26 May 2023 · Mazda Stories
Billy And The Kid
Could wave pool surfing be the panacea to post-sporting career blues? Billy Slater takes his Mazda BT-50 to Tullamarine to find out.
Junior sports must be a little different when your old man is one of Australia’s finest athletes. But there’s no pressure, says father of two/modern league GOAT fullback, Billy Slater. “When you grow up in a certain environment, that becomes you a little bit,” he reasons, sitting behind the wheel of his Rock Grey Mica BT-50.
“My kids have grown up in and around the Melbourne Storm and in and around Queensland State of Origin,” he says, “and that’s just a part of their makeup.”
Ah! So pressure. Just… incubation? Inculcation? Indoctrination?
Whichever way, beware NRL rivals: Jake Slater is coming for you. Or maybe just to watch you. It’s hard to say. Mostly because Jake Slater is, well, 12.
“He loves playing rugby league,” says Billy. “But he also enjoys AFL as well. He plays all sports. He’s pretty active, actually.”
Which is how we’ve come to be in the landlocked industrial sprawl of Tullamarine, north of Melbourne. Wedged between the area’s cavernous airport services hangars, big-box suburb-sized warehouses, and windswept Essendon training pitches, is Australia’s best (and currently, only) commercially operating wave pool.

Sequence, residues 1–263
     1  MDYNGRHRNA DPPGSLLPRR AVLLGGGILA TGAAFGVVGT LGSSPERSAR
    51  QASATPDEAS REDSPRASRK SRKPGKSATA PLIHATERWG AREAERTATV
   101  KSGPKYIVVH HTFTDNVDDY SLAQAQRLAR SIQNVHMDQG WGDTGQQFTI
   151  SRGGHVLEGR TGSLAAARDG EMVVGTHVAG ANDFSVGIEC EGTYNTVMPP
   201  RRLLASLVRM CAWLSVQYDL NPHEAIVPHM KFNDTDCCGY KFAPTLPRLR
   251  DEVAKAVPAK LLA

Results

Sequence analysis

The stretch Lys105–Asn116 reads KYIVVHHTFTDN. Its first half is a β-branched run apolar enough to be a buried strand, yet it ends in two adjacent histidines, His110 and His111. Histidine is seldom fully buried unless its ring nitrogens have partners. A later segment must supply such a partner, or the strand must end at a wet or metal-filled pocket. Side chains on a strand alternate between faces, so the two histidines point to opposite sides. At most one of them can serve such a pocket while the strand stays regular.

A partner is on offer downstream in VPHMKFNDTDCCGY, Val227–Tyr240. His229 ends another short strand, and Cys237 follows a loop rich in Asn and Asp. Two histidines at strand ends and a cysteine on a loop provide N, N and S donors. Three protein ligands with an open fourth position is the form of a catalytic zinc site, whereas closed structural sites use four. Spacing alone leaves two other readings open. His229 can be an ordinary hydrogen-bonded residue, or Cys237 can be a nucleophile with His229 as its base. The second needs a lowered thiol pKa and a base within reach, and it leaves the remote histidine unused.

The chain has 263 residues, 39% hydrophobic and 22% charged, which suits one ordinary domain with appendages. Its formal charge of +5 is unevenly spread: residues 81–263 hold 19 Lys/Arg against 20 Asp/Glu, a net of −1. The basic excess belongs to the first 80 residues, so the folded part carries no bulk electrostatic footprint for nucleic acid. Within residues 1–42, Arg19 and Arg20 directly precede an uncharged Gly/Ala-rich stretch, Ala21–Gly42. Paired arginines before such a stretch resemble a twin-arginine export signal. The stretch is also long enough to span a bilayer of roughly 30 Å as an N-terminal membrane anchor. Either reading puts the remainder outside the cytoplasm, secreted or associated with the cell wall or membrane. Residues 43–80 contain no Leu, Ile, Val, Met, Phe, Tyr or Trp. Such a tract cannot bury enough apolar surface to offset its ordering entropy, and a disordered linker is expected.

The Slater family popped over to Bali a year ago, where Jake had his first taste of the waves. Billy, however, is originally from far north Queensland, where inshore swell is negated by a renowned large offshore reef.
Neither has ever been your classic beach-bred grommet, but both have the surfing bug.
Slater had no choice but to be a footballer (“I grew up in a rugby league area, in a rugby league family,” he says), while his storied apprenticeship as a trackwork jockey developed organically. “Obviously I’m now involved with the racing industry,” he says, “but first and foremost the wellbeing and the uniqueness of an equine animal is what sort of drew me to horses—and that happened when I was about 10 or 11, through my grandfather.”
Billy found surfing, however, on his own terms, first upon moving to Brisbane, and then—despite its geographical, thermal, and cultural challenges—to Melbourne. Even as his on-field partnership with GOAT hooker, Cameron Smith, under arguable GOAT coach, Craig Bellamy, delivered multiple premierships.
It was a steep learning curve. Slater talks about surviving hardcore wipeouts at big Bells Beach, being pinned to the rock, and emerging spluttering to the shore, and of applying his own analytical eye to breaking down the physicality of his surfing to get better.
It’s simpler, he says, in the wave pool.
They surf the pool’s lefthander, meaning Slater is riding with his back to the wave. Jake is on his forehand. “The young fellow’s a goofy footer and he's just getting into it,” says Slater, “so I just wanted to give him his favoured side and just have a bit of fun.”
Wave pools, one regular informs us, are nothing if not egalitarian.
“The amazing thing about them,” says a URBNSURF season pass holder, a former Gold Coast semi-pro who moved to Melbourne for work, and has the tank wired, “is that they built them thinking they were maybe going to be a hypercompetitive environment. But it turns out they’re just fun. Nobody takes it too seriously.”